In chatting with Julianne Moore for her (now Oscar-winning) turn in the drama "Still Alice" a little while ago, I'd asked what it was like to star in that film so close to the Hollywood satire "Maps to the Stars." The two pieces, after all, are about as tonally different as you could imagine.
After acknowledging the distinction, Moore noted that the films may be more alike than you'd think.
"I like playing women who are dealing with their circumstances, especially if those stories are about families and relationships," she said. "And these are both family stories."
It's interesting to see "Maps" in this light. As Moore's latest movie hit theaters this past weekend, the film has been perceived by many as another notch on a diverse resume, the kind of role that makes the actress' career so entertaining to watch. (She also, improbably, has had parts in a "Hunger Games" movie and the genre campfest "The Seventh Son" in the last four months.)
"Maps," directed by David Cronenberg from a script by Hollywood flamethrower Bruce Wagner, finds Moore playing Havana Segrand, a whiny has-been actress who's haunted, in more ways than one, by her mother, and trying to claim glory by crassly taking on the same part her mother made famous, now in a remake. So odious is Havana's path to this goal that when she hears of a terrible tragedy her first reaction is to ask what it means for the casting implications. "Maps" is a seeming world away from the Alzheimer's-afflicted linguistics professor that earned Moore the golden statuette a week ago.
But far from seeing "Maps" and "Alice" as mere signs of eclecticism, it's interesting to see them as Moore in a sense does: as proximate spaces on a continuum.
In each film, Moore's character is felled by large circumstances outside her control. And in each, she -- really, Moore -- betrays an underlying vulnerability. It may come under a coating of self-involved loathsomeness in "Maps" or a can-do grimace in "Alice," but both parts persuasively convey the cracking behind a strong front.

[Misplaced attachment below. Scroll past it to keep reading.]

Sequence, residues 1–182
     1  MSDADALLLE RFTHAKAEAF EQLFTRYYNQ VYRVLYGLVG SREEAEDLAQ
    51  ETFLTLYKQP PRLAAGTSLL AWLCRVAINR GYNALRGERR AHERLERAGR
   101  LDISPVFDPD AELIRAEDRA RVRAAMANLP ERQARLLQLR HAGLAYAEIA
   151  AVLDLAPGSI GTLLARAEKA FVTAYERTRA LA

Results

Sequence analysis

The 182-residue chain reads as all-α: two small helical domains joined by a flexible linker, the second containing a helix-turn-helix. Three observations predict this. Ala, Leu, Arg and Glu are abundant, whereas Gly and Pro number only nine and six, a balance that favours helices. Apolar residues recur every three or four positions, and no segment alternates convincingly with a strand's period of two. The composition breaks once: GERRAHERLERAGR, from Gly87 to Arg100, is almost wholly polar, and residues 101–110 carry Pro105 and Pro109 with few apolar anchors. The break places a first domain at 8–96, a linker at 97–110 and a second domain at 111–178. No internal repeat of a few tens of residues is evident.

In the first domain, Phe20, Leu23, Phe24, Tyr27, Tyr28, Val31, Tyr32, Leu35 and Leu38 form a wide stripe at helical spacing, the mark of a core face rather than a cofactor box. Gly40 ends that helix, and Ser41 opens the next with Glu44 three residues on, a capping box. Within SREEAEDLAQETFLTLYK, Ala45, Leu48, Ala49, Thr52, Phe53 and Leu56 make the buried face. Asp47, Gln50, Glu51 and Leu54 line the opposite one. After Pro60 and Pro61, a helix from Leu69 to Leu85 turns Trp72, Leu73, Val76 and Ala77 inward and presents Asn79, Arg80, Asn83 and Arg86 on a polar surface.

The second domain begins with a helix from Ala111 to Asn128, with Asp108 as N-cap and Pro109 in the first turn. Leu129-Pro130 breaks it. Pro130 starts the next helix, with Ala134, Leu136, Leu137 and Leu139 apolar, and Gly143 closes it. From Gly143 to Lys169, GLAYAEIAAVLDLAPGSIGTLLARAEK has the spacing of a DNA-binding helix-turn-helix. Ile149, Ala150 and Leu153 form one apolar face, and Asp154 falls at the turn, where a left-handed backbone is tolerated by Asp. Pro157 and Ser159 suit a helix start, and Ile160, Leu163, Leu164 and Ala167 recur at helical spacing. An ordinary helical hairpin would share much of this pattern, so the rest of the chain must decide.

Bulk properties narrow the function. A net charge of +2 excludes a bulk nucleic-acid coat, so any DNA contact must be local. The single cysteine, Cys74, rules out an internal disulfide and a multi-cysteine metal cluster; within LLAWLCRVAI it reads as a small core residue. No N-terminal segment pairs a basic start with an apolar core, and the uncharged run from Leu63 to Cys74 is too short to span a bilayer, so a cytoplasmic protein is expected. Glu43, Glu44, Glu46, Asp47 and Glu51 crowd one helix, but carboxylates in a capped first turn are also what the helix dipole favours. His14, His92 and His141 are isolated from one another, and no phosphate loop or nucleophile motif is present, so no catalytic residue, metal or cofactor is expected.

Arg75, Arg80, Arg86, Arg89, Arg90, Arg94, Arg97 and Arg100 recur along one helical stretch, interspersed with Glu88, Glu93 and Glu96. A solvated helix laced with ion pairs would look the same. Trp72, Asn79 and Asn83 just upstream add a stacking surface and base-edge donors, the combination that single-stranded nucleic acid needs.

Sure, the former is acutely self-aware; the latter couldn't tell you the first thing about her unhappy self, or her own role in that unhappiness. But there's something about the mix of bathos and strength -- an attempt at resolve in the face of daunting circumstances -- that makes the parts equals.
In fact, far from being the lesser role, you could argue that "Maps" in the braver one. Playing an "Alice"-style victim isn't easy -- there are pitfalls galore -- but ultimately your mandate is clear: win over the audience. Playing the woman the audiences hates, as Moore does in "Maps," is much trickier. We don't even love to hate Havana in the manner of a juicy villain. We just plain hate her. And yet there's something so recognizable in her flaws that we also can't tear ourselves away.
The Golden Globes seemed to recognize the way these roles line up, nominating Moore for each this year. I wouldn’t go so far as to say Moore landed Oscar acclaim for the wrong role (that honor would go to “The Immigrant” and "Two Days, One Night" star Marion Cotillard) but if she had been nominated for “Maps” instead of “Alice” I don’t think anyone would have batted an eye.
Asked to characterize the Havana role in "Maps," Moore replied, "It's the daughter of a famous actor, and all she wants is to be as famous as her mother -- all she wants is a mother." Not many actors would sense the humanity underneath someone so distasteful. Even fewer would find a way to demonstrate it.